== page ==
I hold a PhD in English from York University, specializing in modern and contemporary American literature, with an intersectional focus on queer literature and critical theories of sexuality, gender, race, and class.
In fall 2017, I will be joining the full-time faculty at Sheridan as a Professor of English and Literary Studies, specializing in gender and sexuality studies.
My current research focuses on how histories of intersectional counterpublic experience are represented in American and transnational queer fiction and memoir written over the last fifty years.
I’m completing a book project based on my dissertation entitled Counterpublic Histories, Radical Queer Negativity, and Creaturely Life: Exploring a Literary Archive of Queer Spaces in New York City.
An essay of mine appears in Urban Transformations in the USA: Spaces, Communities, Representations, published by Columbia University Press in 2016.
I also have an article forthcoming in a 2017 themed issue of Australian Feminist Studies on feminist engagements with archives and new modes of history.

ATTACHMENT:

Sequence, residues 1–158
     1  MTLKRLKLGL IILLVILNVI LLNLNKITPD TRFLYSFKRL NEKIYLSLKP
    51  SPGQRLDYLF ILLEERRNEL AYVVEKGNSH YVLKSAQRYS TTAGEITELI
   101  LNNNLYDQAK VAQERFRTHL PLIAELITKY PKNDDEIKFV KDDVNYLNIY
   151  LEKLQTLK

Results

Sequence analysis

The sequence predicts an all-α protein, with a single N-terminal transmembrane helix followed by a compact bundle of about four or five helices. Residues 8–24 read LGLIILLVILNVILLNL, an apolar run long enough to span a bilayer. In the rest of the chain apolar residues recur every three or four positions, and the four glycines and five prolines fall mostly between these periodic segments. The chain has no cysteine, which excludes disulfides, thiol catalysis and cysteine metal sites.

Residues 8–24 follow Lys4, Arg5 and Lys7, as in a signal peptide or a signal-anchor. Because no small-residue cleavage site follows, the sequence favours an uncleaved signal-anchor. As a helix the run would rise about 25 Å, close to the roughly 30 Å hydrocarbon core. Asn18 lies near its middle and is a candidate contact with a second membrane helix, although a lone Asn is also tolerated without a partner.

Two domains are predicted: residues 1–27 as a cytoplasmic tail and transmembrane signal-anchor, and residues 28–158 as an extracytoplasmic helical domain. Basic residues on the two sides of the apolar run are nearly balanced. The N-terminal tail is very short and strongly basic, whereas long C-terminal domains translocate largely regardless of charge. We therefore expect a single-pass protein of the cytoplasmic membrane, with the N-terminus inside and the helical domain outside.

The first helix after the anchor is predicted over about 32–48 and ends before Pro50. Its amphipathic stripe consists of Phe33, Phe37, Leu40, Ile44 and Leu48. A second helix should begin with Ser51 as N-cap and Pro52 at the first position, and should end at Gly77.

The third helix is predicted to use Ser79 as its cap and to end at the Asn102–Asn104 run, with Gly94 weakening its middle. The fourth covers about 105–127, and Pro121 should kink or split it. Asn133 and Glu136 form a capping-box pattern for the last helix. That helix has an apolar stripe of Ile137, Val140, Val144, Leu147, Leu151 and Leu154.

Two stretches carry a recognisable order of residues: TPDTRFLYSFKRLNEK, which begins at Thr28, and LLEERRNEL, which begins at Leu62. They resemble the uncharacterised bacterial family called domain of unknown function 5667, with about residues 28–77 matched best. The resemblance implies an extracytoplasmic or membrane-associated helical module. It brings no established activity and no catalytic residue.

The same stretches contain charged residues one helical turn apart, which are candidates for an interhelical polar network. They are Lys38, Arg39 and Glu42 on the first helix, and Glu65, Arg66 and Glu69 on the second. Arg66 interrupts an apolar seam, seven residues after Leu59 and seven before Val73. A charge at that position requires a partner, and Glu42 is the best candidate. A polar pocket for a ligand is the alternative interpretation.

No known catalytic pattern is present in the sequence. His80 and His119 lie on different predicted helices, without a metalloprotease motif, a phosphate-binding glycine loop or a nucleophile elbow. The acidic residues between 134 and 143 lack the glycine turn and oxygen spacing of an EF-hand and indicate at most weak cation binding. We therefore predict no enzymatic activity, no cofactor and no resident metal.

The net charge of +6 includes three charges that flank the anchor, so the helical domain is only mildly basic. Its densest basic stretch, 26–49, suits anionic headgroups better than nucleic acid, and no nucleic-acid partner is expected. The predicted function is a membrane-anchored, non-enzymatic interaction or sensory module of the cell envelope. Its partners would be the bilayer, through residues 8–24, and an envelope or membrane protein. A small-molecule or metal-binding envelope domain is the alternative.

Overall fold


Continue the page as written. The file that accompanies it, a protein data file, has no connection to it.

In 2016-2017, I’m a Visiting Scholar at the CITY Institute at York University. My research on urban transformations and queer counterpublic histories examines queer fiction and memoir situated in cities where changes to physical and cultural geographies have altered queer spaces. I analyze literary representations of how these alterations impact queer counterpublic life. My project examines how literary modes of remembrance resist the omission and erasure of queer counterpublic histories in urban spaces.
I’ve recently completed a collection of eight linked short stories. My short fiction has been published in literary journals across Canada. Most recently, “Back Room of the Continental Hotel” appeared in Joyland, and “Opened Fire” appeared in Plenitude.
In 2017, Junction Books published my chapbook, Flood Lands.
My teaching philosophy is influenced and shaped by my appreciation of the convergence of social activism and academic work. As a scholar and instructor, I understand that social activism, like reading, is a fundamental way to engage with the world and to learn. Frameworks of intersectional experience and knowledge are central to my courses in literary studies, gender studies, sexual diversity studies, and critical thinking.